All Things Considered on KTTZ HD2

Hosted by Melissa Block and Robert Siegel

In-depth reporting and transformed the way listeners understand current events and view the world. Every weekday, hear two hours of breaking news mixed with compelling analysis, insightful commentaries, interviews, and special - sometimes quirky - features.

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NPR Story
2:55 pm
Tue December 25, 2012

Instead Of Celebration, Christmas A Time For Solace In Newtown

Originally published on Tue December 25, 2012 3:22 pm

In Newtown, Conn., Christmas is very different this year, a little more than a week after the shooting at an elementary school. Eight families that attend St. Rose of Lima Catholic Church lost children to the tragedy. Parishioners came to Christmas masses there seeking solace, and priests gave a message of hope and comfort.

Energy
1:25 pm
Tue December 25, 2012

Texas Man Takes Last Stand Against Keystone XL Pipeline

David Daniel, an east Texas landowner, was so determined to block the Keystone XL pipeline from coming through his forest that he built an elaborate network of treehouses eight stories above the ground.
Maggie Starbard NPR

Originally published on Tue December 25, 2012 3:20 pm

An east Texas landowner was so determined to block the Keystone XL pipeline from coming through his forest that he took to his trees and built an elaborate network of treehouses eight stories above the ground.

"It popped into my head a long time ago, actually," says 45-year-old David Daniel. "If I had to climb my butt on top of a tree and sit there, I would. It started with that."

It turned out to be Daniel's last stand in a long battle against the Keystone XL, a pipeline project that would bring oil from Canada all the way to refineries in the Texas Gulf Coast.

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Arts & Life
9:19 am
Tue December 25, 2012

No Sugar Plums Here: The Dark, Romantic Roots Of 'The Nutcracker'

E.T.A. Hoffmann's original story, "Nutcracker and Mouse King," is darker and spookier than the ballet version most people know.
iStockphoto.com

Originally published on Tue December 25, 2012 3:20 pm

This is the time of year when one man's work is widely — if indirectly — celebrated. His name used to be hugely famous, but nowadays, it draws blank stares, even from people who know that work. We're speaking about E.T.A. Hoffmann, original author of The Nutcracker.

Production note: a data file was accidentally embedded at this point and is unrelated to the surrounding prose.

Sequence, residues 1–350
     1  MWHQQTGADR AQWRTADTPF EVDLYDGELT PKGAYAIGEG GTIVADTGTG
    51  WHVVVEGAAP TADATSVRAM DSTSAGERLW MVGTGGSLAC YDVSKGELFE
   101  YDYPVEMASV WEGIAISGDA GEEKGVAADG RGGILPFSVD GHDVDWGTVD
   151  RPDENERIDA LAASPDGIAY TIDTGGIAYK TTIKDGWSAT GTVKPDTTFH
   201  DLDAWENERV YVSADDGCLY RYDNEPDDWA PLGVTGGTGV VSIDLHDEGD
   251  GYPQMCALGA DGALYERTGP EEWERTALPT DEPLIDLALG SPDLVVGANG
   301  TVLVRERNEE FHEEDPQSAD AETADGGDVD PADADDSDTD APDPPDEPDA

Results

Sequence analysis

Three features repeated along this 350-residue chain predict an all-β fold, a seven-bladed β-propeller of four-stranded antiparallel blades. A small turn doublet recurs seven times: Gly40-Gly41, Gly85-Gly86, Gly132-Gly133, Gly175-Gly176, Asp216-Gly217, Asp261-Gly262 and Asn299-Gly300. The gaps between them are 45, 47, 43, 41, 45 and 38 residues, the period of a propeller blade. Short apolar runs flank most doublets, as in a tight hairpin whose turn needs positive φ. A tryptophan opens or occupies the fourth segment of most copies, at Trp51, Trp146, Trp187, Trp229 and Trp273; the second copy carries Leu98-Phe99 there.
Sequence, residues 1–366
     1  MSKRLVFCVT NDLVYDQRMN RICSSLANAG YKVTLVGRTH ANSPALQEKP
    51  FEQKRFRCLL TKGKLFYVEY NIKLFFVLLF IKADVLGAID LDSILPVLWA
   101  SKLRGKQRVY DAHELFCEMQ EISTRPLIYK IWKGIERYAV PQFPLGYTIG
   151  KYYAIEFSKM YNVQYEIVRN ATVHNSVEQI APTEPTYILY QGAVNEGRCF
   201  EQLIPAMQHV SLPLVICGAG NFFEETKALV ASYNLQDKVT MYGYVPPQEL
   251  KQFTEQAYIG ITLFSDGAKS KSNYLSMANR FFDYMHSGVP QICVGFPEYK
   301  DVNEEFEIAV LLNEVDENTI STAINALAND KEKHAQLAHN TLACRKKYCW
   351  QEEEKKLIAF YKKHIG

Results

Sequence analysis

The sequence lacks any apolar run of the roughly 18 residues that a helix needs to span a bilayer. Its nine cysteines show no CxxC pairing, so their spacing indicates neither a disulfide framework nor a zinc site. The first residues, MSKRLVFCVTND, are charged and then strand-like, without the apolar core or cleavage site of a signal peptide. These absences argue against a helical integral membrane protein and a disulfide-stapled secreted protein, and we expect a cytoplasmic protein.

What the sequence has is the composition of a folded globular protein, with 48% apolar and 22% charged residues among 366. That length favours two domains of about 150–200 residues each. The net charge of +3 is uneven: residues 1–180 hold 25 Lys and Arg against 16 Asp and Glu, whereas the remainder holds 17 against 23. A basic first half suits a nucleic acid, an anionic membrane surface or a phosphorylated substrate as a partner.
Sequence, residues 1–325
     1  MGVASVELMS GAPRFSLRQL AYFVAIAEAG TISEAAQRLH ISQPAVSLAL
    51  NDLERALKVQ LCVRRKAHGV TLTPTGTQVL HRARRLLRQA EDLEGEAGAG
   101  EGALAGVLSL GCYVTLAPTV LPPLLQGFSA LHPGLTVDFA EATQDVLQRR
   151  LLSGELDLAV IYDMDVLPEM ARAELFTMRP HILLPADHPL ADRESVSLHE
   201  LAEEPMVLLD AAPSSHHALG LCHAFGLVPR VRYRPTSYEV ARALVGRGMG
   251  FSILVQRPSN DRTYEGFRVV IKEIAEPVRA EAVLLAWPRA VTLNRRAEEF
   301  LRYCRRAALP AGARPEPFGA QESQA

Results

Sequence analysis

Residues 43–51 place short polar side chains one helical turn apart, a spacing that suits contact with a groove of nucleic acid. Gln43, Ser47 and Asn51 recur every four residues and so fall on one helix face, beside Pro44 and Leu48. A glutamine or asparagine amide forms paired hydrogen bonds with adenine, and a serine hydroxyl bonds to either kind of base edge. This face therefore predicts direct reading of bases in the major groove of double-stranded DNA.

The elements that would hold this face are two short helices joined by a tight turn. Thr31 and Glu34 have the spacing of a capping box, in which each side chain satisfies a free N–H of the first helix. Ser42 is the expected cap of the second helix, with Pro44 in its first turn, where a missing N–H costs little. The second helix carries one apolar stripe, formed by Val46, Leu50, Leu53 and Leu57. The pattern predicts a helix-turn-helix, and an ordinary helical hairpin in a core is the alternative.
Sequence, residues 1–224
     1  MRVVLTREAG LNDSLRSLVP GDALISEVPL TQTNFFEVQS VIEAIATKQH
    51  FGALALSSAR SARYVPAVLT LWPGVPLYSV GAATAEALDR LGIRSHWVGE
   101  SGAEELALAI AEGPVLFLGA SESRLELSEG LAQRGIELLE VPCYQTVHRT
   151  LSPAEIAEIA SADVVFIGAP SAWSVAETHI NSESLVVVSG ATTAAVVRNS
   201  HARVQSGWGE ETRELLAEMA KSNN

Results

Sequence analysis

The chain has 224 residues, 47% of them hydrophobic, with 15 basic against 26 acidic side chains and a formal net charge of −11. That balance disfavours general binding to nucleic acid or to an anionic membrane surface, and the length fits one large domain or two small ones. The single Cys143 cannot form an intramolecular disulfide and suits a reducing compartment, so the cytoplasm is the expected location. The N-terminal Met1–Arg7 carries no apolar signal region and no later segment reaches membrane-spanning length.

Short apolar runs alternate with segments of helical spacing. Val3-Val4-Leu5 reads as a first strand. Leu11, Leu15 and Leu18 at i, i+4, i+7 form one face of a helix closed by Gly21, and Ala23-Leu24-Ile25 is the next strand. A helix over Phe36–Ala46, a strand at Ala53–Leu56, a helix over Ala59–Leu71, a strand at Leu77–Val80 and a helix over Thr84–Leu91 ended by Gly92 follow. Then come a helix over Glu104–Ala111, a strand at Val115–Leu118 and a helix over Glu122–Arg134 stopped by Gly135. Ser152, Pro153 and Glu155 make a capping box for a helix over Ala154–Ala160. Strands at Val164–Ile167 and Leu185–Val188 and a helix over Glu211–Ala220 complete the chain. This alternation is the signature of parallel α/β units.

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Middle East
4:03 pm
Mon December 24, 2012

As Syrian War Grinds On, A Rebel Keeps Reinventing Himself

In March 2011, at the beginning of the Syrian uprising, protester Ibrahim Abazid made a massive white flag out of a sugar sack. This picture of him waving the flag in his hometown of Dera'a became a hugely popular image. Now Abazid hopes to serve on a city council in Dera'a.
Courtesy of Ibrahim Abazid

Originally published on Mon December 24, 2012 5:51 pm

Ibrahim Abazid had no idea he would be part of a nationwide revolt in Syria — or that his role would keep evolving.

It was March 2011. Some teenagers in his hometown, Dera'a, got arrested for spray painting anti-government slogans outside a school. Rumors began circulating that the teenagers were being tortured while in detention in the southern town.

In the broader region, Arab protesters had been filling the streets for months. Dictators in Tunisia and Egypt had already fallen. Abazid and his friends went to pray.

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Around the Nation
4:03 pm
Mon December 24, 2012

Finding New Meaning In The Loss Of A Son

Ronan at 2 years old. "I know Ronan's purpose in life was to shed light on this disease," says his mother, Maya Thompson. "This is why I will continue to fight for childhood cancer for the rest of my life."
Courtesy of Maya Thompson

Originally published on Mon December 24, 2012 5:00 pm

This is a story about loss and meaning. It's the story of a boy who died and a mother who tottered at the precipice of despair. It's about faith — not in God, but in the ability to build from ashes.

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